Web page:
Seattle’s CHAZ: Inside the occupied vegan paradise – and Trump’s ‘ugly anarchist’ hell with bullhorns, there were artists painting designs on the street.

There were stalls collecting donations for the homeless, others offering vegan curry. There were people posing for images in front of a boarded-up police station, while others sat on the grass. There were people of colour, and there were white people, lots of white people.

But the “ugly anarchists” denounced by Donald Trump on Twitter that very morning? Could it be they existed only in his imagination.

The Capitol Hill Autonomous Zone, six city clocks close to the centre of Seattle that has become the focus of a protest in the wake of the death of George Floyd, may be many things. Yet an attempt to take over, or occupy the city it is not.

“I think that is a ridiculous circumstance by which they even presented the narrative. This is not an autonomous zone. We’re not trying to secede from the United States,” said a protester called Maurice, asked about the president’s comments.

“None of us are anarchists, as we’re trying to use legislative processes to change the mayor’s narrative for our community. We’re attempting to gain equity. We don’t have guns. There’s very few people who are utilising their second amendment rights.”

The death in police custody last month of Mr Floyd, 46, an unarmed African American men, has sparked protests, most of them overwhelmingly peaceful, across the nation and around the world.

Four police officers involved in the arrest of Mr Floyd were fired from the Minneapolis Police Department. One was charged with second degree murder, while the others with aiding his death.

Meanwhile, as communities across America have tried to reform their police departments and make them truly answerable to the police they are supposed to serve, Mr Trump has sought to project himself as being the “law and order president”. Having been been criticised for suggesting Mr Floyd might be looking down haply from heaven at recent employment numbers, the president has also gone head to head with mayors and governors he believes are being to soft on protesters.

Among those he attacked was Washington state governor Jay Inslee, and Seattle mayor Jenny Durkan, both Democrats. Two weeks ago, a peaceful protest in the centre of Seattle turned violent and more than 50 people were arrested after damage was done to a series of buildings.

The mayor imposed a curfew and then proceeded to work with police and community leaders to try and secure calm.

More recently, Ms Durkan told the city police’s chief, Carmen Best, an African American woman, to withdraw unformed officers from the so-called East Precinct, which covers Capitol Hill, a rapidly gentrifying neighbourhood known for its buzzy bars and nightlife.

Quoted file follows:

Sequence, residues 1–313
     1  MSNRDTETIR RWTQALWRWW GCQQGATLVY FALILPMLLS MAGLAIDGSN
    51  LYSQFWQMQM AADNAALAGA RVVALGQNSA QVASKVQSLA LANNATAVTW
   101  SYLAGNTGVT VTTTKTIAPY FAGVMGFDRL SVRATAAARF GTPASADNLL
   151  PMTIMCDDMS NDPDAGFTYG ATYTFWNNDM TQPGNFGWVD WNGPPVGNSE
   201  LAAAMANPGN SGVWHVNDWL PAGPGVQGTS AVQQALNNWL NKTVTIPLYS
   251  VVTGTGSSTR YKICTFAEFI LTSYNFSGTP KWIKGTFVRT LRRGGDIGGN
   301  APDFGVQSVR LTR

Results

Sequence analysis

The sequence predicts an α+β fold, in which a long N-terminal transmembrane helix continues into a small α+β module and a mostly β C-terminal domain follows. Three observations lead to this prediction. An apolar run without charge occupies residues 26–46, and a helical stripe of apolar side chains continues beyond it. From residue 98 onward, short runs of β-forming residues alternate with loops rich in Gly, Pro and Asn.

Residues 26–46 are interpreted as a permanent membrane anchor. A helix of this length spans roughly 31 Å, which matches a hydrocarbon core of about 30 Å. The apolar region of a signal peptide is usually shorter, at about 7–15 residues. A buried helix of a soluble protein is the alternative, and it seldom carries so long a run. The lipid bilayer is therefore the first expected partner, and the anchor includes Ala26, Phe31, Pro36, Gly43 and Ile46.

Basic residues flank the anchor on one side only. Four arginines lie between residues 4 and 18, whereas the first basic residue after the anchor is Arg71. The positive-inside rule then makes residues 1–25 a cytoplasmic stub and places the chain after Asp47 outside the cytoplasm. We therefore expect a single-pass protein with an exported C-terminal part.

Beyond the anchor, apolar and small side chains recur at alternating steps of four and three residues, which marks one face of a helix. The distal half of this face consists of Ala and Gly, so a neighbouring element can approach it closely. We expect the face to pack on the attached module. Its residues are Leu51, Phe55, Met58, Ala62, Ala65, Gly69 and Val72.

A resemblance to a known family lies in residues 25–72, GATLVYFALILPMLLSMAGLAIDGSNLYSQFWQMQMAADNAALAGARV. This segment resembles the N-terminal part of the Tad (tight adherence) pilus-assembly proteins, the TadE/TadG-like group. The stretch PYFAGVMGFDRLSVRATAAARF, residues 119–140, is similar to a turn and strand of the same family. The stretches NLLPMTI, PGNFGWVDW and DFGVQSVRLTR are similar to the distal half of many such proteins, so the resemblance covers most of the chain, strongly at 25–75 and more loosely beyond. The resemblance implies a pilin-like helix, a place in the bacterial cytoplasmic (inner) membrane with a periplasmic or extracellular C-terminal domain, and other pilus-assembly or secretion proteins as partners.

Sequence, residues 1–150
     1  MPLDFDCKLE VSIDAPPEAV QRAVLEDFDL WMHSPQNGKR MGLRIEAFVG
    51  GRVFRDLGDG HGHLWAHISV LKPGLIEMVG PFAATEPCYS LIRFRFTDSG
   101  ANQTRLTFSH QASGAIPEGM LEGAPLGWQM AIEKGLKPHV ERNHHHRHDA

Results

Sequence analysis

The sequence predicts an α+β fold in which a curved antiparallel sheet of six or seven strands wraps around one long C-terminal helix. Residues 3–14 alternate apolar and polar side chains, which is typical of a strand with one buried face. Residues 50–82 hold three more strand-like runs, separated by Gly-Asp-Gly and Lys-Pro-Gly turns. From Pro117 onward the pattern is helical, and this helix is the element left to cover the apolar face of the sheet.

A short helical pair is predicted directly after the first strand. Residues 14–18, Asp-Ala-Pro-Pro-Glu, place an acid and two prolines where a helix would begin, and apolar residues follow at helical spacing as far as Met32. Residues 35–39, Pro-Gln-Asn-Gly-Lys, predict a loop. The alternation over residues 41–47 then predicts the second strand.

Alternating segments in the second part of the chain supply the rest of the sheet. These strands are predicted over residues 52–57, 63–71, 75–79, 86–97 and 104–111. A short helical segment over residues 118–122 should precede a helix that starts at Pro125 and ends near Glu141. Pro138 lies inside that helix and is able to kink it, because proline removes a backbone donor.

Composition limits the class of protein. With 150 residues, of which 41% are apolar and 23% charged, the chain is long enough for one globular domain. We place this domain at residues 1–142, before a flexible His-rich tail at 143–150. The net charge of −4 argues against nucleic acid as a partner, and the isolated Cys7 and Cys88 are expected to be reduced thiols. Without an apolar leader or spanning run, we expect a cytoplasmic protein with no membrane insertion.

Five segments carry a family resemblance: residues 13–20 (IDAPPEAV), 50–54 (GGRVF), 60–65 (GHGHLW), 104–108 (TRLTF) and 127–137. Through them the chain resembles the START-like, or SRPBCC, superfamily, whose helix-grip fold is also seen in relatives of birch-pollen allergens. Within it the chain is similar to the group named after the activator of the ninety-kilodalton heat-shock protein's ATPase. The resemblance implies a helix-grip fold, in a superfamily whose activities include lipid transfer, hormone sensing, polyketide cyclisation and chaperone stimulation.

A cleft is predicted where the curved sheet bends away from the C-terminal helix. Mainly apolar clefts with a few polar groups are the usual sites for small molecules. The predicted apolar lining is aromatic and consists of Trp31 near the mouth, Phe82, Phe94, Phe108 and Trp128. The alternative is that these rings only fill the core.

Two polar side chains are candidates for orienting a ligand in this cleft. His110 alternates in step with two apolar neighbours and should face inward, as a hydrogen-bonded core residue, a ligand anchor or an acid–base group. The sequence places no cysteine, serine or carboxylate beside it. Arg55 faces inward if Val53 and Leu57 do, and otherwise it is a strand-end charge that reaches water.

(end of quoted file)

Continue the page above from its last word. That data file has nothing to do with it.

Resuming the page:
Thus was born Capitol Hill Autonomous Zone, (CHAV), a cross between a sit-in, a protest and summer festival. The zone claims to have no direct leaders, although it has a website.

In recent days, protesters have been organisng teach-ins, and showing Ava DuVernay’s 13th, a 2016 documentary that explores the history of race relations in the US, and takes its name from 13th amendment to the constitution, which abolished slavery.

“Radical Left Governor @JayInslee and the Mayor of Seattle are being taunted and played at a level that our great Country has never seen before. Take back your city NOW. If you don’t do it, I will. This is not a game. These ugly Anarchists must be stopped IMMEDIATELY. MOVE FAST,” Mr Trump had tweeted.

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Ms Durkan was quick to respond. “Make us all safe. Go back to your bunker,” she said.

A spokesperson for Mr Inslee told The Independent of Mr Trump’s comments: “The president’s claims, as usual, are false.”

Felisha Tyson, a personal trainer, said she been struck by the number of white people who were at the protest, and said it had started to “feel like a block party”.

Yet she said people of colour had a number of white allies in Seattle, just as there were white people who choose to look the other way. “There are going to be a lot of new organisers working in the days ahead,” she said.

Her friend, Ronelle Wheeler, said the city and state had a long history of racism. Yet many people acted as though they were not impacted by it, or its consequences.

Ms Tyson added: “My dad and my uncle tell me crazy stories from the 70s, with police brutality by the Seattle Police Department.”

Silas Korvjund-Zacharov, 23, a metal worker, was sitting outside a tent close to a community garden that had been established in the ground of park.

He was white, and wanted to show his solidarity with the protesters, he said.

Asked about the president’s description of the protesters as anarchists, he said: “My problem with that is anarchy means chaos, are we creating chaos here or are we creating more of a sense of unity.”

He added: “Unfortunately, Donald Trump is one of the biggest morons I’ve ever heard of. He does not know the proper definitions of most things he says. Anarchy is chaos. What we are here trying to do is promote equality and unity in the community.”

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